“I am a witness to seeing mothers die while giving birth,” she says. “But with the HEP we can easily detect mothers who need help, or who need to get service at health centres, and if it is beyond their capacity they call the ambulance and they take the mother to health centre and they can be easily saved.”

Moges and Ms Kokeb were saved from having to travel great lengths to get basic care. Today they walk hand-in-hand across the bright green plains that surround their vast plot of land, happy, at ease and part of a complete family. As the HEP continues to grow, success stories like theirs will become a shared experience for millions more Ethiopians.

Posted in Health, HIS, Oromia | Tagged , , , , , , | Leave a comment

UNFPA and UNICEF shake hands for enhanced collaboration in Ethiopia

Ms Gillian Mellsop of UNICEF Ethiopia and Mr. Faustin Yao, Representative UNFPA Ethiopia signed MoU

Ms Gillian Mellsop of UNICEF Ethiopia and Mr. Faustin Yao, Representative UNFPA Ethiopia signed MoU ©UNICEF Ethiopia/2016/Sewunet

08 January 2016; Today, UNFPA and UNICEF signed a Memorandum of Understanding (MoU) for Enhanced Collaboration in Ethiopia in the areas of gender equality and women’s empowerment; adolescent and youth development and on child protection and gender-based violence in emergency and humanitarian settings. The agreement aims at encouraging and facilitating predictable, cooperative action between the two agencies, building on the comparative advantages and respective mandates.

UNFPA and UNICEF have been collaborating globally and in Ethiopia in a systematic manner in the areas of Gender equality and women’s empowerment (with a focus on Gender Based Violence and Violence against Women and Children, Abandonment of Female Genital Mutilation/Cutting and Ending Child Marriage; Adolescent & youth development (with a particular focus on HIV/AIDS and Sexual and Reproductive Health) and on child protection and gender-based violence in emergency/humanitarian settings.

Ms Gillian Mellsop of UNICEF Ethiopia and Mr. Faustin Yao, Representative UNFPA Ethiopia signed MoU“UNFPA and UNICEF strongly believe that, as declared by the Government of Ethiopia, that by 2025, Ethiopia will no longer have cases of FGM/C and Child Marriage, but this will only happen if we all work together – the government, civil society,  religious and  community leaders,  women, men, boys and the girls themselves.” said Mr. Faustin Yao, Representative UNFPA Ethiopia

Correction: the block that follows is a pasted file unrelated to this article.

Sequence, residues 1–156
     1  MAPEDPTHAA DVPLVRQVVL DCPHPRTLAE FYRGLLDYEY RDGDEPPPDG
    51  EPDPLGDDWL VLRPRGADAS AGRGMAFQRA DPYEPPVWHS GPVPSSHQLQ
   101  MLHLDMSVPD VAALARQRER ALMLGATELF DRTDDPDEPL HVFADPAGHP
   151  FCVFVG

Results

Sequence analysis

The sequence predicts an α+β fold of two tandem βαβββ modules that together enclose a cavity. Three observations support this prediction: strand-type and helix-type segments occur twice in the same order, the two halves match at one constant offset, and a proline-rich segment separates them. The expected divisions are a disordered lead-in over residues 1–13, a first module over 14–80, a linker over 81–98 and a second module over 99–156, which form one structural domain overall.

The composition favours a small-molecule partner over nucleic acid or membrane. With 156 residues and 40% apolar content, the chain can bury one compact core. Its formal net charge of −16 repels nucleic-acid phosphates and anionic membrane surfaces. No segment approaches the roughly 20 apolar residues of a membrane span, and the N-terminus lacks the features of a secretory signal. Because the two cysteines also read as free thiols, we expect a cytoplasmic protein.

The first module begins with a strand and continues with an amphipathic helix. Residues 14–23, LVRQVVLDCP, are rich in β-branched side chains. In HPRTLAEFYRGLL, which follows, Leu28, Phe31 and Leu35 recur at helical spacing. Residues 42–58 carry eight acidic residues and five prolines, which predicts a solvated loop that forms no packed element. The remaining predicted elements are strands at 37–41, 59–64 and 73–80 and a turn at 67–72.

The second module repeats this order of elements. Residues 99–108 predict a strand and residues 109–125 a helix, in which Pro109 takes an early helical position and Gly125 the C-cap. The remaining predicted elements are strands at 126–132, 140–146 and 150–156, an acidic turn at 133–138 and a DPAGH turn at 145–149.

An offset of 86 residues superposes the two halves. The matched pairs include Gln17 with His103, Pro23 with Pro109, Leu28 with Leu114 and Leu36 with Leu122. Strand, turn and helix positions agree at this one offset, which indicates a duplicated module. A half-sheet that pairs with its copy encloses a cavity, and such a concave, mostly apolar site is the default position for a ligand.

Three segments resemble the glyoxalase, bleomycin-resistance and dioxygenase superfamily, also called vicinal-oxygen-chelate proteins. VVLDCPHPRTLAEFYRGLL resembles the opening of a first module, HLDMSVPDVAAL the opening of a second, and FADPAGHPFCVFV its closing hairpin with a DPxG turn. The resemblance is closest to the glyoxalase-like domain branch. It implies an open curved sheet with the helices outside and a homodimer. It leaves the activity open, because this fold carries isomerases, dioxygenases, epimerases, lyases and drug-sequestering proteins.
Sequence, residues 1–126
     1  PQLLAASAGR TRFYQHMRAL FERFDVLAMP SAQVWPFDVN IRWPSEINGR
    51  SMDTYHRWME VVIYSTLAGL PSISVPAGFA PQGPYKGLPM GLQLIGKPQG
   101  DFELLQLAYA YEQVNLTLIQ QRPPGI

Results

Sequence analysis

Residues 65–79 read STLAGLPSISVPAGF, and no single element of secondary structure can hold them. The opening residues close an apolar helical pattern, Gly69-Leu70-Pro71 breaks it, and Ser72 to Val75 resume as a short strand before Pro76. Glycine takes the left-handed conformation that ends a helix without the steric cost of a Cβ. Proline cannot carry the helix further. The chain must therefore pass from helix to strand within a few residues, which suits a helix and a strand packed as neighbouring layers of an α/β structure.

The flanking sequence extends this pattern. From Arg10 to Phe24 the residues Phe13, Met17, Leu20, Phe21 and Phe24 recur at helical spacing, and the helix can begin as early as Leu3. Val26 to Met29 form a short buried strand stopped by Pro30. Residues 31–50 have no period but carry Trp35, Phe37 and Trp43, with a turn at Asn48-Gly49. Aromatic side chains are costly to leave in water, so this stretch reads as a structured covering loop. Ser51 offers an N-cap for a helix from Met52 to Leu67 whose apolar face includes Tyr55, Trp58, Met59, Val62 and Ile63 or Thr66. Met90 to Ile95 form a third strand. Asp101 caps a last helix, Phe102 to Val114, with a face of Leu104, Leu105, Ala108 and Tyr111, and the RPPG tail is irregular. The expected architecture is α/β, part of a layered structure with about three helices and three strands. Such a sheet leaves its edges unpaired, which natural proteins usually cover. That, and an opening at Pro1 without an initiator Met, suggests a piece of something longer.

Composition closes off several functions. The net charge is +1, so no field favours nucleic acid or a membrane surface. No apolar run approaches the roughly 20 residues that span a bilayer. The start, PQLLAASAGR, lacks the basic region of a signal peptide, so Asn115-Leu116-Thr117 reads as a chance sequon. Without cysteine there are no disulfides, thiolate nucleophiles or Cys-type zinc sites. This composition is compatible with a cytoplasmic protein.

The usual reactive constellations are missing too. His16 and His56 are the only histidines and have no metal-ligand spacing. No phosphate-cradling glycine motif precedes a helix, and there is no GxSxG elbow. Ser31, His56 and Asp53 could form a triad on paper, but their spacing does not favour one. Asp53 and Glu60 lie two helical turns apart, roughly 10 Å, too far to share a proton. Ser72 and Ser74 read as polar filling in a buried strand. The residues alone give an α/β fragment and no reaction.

“It gives me great pleasure to be signing this Memorandum of Understanding today for Enhanced Collaboration in Ethiopia. Through such strong collaboration, both agencies have successfully complemented each other’s expertise, as well as influenced one another’s thinking and actions. Let’s continue our strong partnership to achieve results for children, women and youth.” said Gillian Mellsop, UNICEF Representative to Ethiopia.

The decision to have this MoU stems from formalizing and cementing the complementarity of their work in terms of thematic and geographic convergence to avoid competition and ensure both agencies are speaking with one voice especially through common implementing partners and government stakeholders at national, federal and regional levels.

Posted in Child Protection, Press Release | Tagged , , , , | 1 Comment

KOICA and UNICEF’s partnership for the health of Ethiopia’s Mothers and Children

KOICA Country Director, Doh Young Ah and UNICEF representative to Ethiopia, Gillian Mellsop

KOICA Country Director, Doh Young Ah and UNICEF representative to Ethiopia, Gillian Mellsop sign a Memorandum of Understanding (MOU) to work together in a Maternal and Child Health (MCH) care project. ©UNICEF Ethiopia/2015/Sewunet

Korea International Cooperation Agency (KOICA) announces US$ 9 million support to UNICEF for “Community Based Newborn Care” today in the UNICEF Ethiopia office. This financial support will be implemented in five zones of SNNP, Oromia and Benishangul Gumuz regions of Ethiopia.

The agreement was signed by KOICA Country Director, Doh Young Ah and UNICEF representative to Ethiopia, Gillian Mellsop.

KOICA’s support aims to strengthen Ethiopian government’s efforts to improve maternal and newborn health in hard to reach areas building mainly on the Health Extension Program and the Primary Health Care platform. Over 150,000 pregnant women and their newborns will benefit from this generous support per year, reaching over 300,000 mother-baby pairs in the coming years.

In collaboration with the Federal Ministry of Health, Regional Health Bureaus, the Ethiopia Midwifery and Paediatric associations, NGOs, donors and academic institutions, the programme aims to scale up maternal and newborn care in 5 zones covering a total population of 4 million between 2015 and 2018. This programme will contribute to the national scaling up of evidence based high impact interventions to improve maternal and newborn health at community and health facilities levels.

The combination of innovative, evidence-based strategies and the government’s long legacy of leadership on maternal, newborn and child survival is yielding impressive results. Ethiopia achieved MDG 4 three years ahead of schedule by cutting under-five mortality from 205 per 1,000 live births in 1990 to 68 per 1,000 in 2012. Ethiopia’s progress illustrates that countries can achieve dramatic declines in child mortality, despite constrained resources.

See photos here 

Posted in Health, KOICA | Tagged , , , , , | 1 Comment